think like a middle schooler

Dad: “Siege towers sound like fun.”
Mom: “He has an after school activity every single day next week and I don’t know when we’ll have time to do the written report OR the model. Hadrian’s Wall or an aqueduct seem easiest to build.”
Child: “Let’s do a bathhouse! They’re not bathrooms. They’re swimming pools.”
Mom whispering to Dad: “If you agree to him googling bathhouses, I WILL add graffiti to the walls of his model.”

He vs She: Sick days

Day One
He: Takes to the bed at the first sign of illness and sleeps for 24 hours.
She: Drags herself to the nearest sitting spot. Stares blankly into the distance. Mumbles that this is bs and she doesn’t have time for it. Gets up and drags herself to the next spot that may or may not actually be a chair. Stares. Mumbles. Repeats this process all day except for half a dozen unplanned catnaps.

Day Two
He: Sleeps the entire day and night, waking only to loudly slurp soup several times.
She: Can’t rest because every dish in the house is dirty and the laundry is becoming sentient. Easily mistaken for a zombie.

Day Three
He: Nap. Eat. Play on Phone. Repeat. Repeat.
She: The crankiest human on Earth until she takes a two hour bath and drinks her body weight in coffee.

hot mess express

The back of my brain tickled at having the time to do a load of laundry and dishes between the children’s taxi deliveries and pickups, but I ignored it. I clinked the stack of plates like some parody of a functional housewife as my phone hummed a familiar melody and I realized my crime. It finally happened. After years of the middle child teasing me for almosts…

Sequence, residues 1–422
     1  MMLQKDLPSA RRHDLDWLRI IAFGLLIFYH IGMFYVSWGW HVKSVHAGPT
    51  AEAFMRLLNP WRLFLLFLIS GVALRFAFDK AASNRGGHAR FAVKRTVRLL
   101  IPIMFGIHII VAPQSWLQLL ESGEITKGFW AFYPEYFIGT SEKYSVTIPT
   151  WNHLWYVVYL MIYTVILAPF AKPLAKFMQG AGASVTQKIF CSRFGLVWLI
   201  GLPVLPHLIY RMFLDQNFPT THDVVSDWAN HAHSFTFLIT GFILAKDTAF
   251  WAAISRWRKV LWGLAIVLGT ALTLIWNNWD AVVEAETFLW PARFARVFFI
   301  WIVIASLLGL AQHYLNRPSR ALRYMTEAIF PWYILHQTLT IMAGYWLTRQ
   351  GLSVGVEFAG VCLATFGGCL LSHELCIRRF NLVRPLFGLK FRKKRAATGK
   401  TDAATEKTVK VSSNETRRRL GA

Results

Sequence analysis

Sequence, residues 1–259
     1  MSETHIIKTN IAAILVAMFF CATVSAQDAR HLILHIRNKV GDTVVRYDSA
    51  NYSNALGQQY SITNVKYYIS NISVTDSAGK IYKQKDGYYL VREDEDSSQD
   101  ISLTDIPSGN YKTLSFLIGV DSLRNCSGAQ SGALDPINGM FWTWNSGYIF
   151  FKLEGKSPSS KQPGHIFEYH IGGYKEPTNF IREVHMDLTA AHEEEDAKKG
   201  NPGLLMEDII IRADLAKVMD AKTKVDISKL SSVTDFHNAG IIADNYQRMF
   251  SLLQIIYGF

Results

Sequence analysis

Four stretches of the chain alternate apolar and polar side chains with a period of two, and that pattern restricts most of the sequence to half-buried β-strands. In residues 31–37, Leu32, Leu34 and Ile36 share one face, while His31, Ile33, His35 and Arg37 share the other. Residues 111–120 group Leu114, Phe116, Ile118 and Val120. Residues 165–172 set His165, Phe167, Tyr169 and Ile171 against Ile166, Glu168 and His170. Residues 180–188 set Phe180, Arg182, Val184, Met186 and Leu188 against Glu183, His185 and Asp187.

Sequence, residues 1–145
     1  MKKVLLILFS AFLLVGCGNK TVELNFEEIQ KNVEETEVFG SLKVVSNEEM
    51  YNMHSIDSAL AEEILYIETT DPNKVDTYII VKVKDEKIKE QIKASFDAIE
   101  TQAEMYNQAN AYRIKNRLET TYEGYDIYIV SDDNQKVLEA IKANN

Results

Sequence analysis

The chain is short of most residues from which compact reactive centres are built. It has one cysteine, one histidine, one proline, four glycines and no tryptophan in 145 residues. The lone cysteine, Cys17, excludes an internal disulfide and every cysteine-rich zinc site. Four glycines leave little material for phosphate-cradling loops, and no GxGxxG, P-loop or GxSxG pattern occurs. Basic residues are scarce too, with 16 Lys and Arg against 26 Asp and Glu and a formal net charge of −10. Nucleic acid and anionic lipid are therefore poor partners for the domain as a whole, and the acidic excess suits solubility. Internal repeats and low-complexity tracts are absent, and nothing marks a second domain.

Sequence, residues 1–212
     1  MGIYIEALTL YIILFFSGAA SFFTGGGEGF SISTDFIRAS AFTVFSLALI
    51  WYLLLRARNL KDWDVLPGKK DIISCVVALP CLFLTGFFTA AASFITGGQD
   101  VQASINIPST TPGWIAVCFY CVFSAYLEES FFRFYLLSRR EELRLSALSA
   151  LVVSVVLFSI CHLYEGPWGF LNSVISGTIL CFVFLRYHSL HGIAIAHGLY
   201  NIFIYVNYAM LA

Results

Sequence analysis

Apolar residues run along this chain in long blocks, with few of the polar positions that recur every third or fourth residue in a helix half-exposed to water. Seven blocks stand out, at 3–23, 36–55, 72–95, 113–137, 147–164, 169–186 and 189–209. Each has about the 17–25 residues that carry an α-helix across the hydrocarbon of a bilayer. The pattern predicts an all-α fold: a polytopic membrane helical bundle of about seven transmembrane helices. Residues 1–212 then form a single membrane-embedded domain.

I forgot a child. I was blissfully checking things off my to-do list while one of the children stood on a school sidewalk looking for me.

Add “my mom forgot me” to that child’s complaints for her future therapist.

At least it wasn’t the middle child.


“One of the gloves is spinning too fast. I hear it clicking.”
“I don’t understand what you’re saying. I think you’re asleep.”
“I’m not talking. It’s the gloves.”

Either my child is a spy and I don’t understand her secret code or she’s experiencing Color Guard withdrawal.

I’m going with spy. Spying is the new hotness.

The project

He: “I’m turning the water off and draining the old tank now.”
She: “Everybody shower. Quickly! We won’t have water for a week. Fill the water bowls. Move it!”

I love home repairs and improvements when they are complete enough for the tools to go back in the cabinets. Getting to that stage is somewhat less than satisfying. Because we live in an old house, there is no such thing as a simple repair or project. One repair ALWAYS means at least three repairs.